Girlband Matures On Fourth LP
Little Mix, champions of the reality show circuit, and well-established purveyors of solid pop music, return with their fourth album, the ebulliently-titled Glory Days — but have Jade, Jesy, Perrie, and Leigh-Anne secured their pop royalty status with this latest collection, or does it all drift by in a daze?
Fortunately for this record, Glory Days learns from the lessons of its predecessors, and ditches a lot of the schmaltzy ballads that cluttered previous albums, and as a result, the album is the most uptempo and upbeat churned out by the band yet. Lead single ‘Shout Out To My Ex‘ is ferociously fun, with a chorus that’s notably similar to GRL’s equally good ‘Ugly Heart’, while songs such as promo track ‘You Gotta Not’, continues the band’s insistence of feminist power-pop with earworms that are irresistible.
The few ballads that do survive the cull are all the stronger for it; ‘Your Love’ is a sweet, rose-tinted romantic song that earns its spot readily, while ‘Nothing Else Matters’ is a midtempo power ballad, alternating between sincere verses and an ABBA-esque chorus that’s set to raise the roof on stadiums.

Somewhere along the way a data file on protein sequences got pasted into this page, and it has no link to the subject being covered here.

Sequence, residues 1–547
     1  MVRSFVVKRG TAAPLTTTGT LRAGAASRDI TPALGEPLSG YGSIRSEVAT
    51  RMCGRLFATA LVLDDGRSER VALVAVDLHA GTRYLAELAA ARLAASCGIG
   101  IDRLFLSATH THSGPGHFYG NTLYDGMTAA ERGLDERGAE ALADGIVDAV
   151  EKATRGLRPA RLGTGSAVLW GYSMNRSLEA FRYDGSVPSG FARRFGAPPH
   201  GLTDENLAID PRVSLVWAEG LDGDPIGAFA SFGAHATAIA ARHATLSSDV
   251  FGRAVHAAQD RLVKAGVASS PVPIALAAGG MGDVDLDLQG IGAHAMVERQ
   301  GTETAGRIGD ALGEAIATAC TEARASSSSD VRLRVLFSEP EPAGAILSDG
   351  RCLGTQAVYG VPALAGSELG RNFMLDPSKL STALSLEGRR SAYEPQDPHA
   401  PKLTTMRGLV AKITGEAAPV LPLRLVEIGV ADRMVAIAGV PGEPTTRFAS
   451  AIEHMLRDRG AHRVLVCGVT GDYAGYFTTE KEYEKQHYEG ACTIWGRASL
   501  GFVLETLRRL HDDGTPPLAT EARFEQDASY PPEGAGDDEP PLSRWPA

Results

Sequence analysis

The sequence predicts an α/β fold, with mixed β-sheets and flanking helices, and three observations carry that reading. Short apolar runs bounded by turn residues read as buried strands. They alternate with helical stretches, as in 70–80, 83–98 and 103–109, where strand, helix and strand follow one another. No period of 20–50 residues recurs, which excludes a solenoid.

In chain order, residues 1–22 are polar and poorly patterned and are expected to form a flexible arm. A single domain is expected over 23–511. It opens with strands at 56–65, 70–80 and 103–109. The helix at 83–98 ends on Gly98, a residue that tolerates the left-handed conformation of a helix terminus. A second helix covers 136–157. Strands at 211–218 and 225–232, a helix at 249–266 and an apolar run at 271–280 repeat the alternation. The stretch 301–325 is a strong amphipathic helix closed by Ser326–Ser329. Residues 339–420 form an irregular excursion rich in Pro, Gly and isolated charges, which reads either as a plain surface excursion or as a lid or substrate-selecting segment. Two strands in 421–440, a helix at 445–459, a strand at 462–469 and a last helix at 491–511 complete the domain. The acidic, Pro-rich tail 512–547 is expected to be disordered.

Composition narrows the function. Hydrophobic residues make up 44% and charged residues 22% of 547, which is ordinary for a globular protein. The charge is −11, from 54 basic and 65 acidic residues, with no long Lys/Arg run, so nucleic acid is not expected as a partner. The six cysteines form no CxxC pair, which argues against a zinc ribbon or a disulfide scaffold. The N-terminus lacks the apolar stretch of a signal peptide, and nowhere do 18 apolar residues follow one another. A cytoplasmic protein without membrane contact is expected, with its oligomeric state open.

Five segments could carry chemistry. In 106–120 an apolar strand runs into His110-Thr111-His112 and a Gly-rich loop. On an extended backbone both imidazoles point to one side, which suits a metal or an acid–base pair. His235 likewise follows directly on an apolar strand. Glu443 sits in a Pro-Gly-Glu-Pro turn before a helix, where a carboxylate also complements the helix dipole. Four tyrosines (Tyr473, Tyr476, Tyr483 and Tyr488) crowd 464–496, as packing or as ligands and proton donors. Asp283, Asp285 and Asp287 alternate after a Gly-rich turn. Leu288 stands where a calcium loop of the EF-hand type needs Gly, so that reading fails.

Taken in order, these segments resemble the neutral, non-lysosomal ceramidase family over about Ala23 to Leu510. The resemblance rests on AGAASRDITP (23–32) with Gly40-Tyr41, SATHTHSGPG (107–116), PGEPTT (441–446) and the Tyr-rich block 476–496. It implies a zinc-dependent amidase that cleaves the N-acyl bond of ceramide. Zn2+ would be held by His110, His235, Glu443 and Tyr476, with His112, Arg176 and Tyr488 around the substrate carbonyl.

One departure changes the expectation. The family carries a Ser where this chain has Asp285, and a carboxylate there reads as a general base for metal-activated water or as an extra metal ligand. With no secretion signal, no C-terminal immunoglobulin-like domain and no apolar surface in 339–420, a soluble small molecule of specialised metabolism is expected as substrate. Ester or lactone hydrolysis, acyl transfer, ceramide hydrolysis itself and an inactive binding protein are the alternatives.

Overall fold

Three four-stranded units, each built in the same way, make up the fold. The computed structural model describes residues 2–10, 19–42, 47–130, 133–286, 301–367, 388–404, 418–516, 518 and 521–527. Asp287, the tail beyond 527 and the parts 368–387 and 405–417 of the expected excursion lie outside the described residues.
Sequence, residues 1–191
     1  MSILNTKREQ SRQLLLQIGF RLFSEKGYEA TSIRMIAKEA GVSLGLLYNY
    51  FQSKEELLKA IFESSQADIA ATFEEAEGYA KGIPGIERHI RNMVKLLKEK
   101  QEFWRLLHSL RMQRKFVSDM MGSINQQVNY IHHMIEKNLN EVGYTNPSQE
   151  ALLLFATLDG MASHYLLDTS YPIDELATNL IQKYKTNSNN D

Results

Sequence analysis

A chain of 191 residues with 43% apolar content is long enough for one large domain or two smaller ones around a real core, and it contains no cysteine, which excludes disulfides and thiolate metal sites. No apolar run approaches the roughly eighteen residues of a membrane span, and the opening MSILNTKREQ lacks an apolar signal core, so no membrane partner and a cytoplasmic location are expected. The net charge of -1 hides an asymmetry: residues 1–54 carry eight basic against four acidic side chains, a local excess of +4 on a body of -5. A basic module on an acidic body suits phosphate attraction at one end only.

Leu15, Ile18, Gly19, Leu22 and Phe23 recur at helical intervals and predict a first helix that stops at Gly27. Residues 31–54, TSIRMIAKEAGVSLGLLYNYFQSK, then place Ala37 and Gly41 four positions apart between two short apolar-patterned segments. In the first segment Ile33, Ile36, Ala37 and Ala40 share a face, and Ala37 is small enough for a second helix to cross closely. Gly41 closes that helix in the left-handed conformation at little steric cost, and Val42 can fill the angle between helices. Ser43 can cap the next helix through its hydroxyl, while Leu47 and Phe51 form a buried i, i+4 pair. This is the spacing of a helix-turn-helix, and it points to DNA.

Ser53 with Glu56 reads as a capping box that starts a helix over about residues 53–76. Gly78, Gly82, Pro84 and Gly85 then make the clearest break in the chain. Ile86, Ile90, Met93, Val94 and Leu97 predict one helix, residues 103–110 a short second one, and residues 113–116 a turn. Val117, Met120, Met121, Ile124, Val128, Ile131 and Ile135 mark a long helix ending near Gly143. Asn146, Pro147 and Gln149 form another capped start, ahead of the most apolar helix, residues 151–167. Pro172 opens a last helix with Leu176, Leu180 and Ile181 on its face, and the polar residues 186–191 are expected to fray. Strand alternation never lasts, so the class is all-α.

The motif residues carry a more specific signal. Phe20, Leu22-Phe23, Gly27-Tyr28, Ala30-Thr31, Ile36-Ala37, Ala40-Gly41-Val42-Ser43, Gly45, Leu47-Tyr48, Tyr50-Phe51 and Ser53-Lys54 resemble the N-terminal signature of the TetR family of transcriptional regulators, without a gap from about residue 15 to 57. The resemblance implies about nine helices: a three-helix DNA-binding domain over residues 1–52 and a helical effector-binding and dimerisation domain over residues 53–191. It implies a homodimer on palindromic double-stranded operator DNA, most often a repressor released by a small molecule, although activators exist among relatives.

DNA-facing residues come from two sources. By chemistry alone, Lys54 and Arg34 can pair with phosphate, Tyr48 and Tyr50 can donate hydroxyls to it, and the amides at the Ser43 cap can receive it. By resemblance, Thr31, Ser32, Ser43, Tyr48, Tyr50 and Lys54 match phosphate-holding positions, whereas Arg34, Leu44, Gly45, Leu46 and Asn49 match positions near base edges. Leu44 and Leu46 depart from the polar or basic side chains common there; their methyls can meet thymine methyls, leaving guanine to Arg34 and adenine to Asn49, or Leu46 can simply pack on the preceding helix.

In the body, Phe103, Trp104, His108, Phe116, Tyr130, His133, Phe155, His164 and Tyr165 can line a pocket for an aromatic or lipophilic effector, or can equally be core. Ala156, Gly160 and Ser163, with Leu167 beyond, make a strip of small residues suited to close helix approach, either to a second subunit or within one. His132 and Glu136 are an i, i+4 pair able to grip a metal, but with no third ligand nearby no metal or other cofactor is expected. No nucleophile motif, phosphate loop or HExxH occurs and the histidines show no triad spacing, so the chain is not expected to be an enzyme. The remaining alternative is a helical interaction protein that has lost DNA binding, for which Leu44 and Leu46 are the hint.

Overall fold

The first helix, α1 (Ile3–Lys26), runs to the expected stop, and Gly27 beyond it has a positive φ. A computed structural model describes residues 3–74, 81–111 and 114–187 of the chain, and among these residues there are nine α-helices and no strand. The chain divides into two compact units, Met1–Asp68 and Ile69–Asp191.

The newfound emphasis on the dancefloor also serves them particularly well. ‘Power’ is a Tomorrowland oasis of revving motorcycles, aggressive drumbeats, and soaring, empowering lyrics. ‘No More Sad Songs’ is an anthemic tears-on-the-dancefloor number, while current single ‘Touch’, a surefire club hit waiting in the wings, is a joy to behold. ‘Touch’ even contains the album’s sweetest lyric wrapped in a propulsive beat: “Just a touch of your love is enough to knock me off of my feet all week.” These lyrics, combined with the maturing outlook – ‘Private Show’ is a sultry banger worthy of Britney’s single of the same name – reinforce the girls’ position as young, strong women.
It seems as though Little Mix’s album trajectory has seemed to imprint, for better or worse, onto different ages of their fanbase as they themselves mature; ‘DNA’ was their most innocent album, while ‘Salute’ and ‘Get Weird’ were aimed at teenagers. Glory Days is their chrysalis into fully-matured, independent young women, both on-stage and off, and it is well-welcomed from the quartet in question.